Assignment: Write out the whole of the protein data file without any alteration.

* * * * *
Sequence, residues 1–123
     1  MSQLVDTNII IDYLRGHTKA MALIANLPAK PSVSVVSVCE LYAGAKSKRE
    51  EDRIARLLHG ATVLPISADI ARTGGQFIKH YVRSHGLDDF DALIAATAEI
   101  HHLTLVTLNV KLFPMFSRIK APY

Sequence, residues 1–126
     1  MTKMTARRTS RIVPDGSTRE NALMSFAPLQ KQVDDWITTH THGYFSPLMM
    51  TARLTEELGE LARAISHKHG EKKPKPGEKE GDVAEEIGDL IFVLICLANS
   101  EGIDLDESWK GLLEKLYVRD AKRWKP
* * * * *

Sequence, residues 1–123
     1  MSQLVDTNII IDYLRGHTKA MALIANLPAK PSVSVVSVCE LYAGAKSKRE
    51  EDRIARLLHG ATVLPISADI ARTGGQFIKH YVRSHGLDDF DALIAATAEI
   101  HHLTLVTLNV KLFPMFSRIK APY

Sequence, residues 1–126
     1  MTKMTARRTS RIVPDGSTRE NALMSFAPLQ KQVDDWITTH THGYFSPLMM
    51  TARLTEELGE LARAISHKHG EKKPKPGEKE GDVAEEIGDL IFVLICLANS
   101  EGIDLDESWK GLLEKLYVRD AKRWKP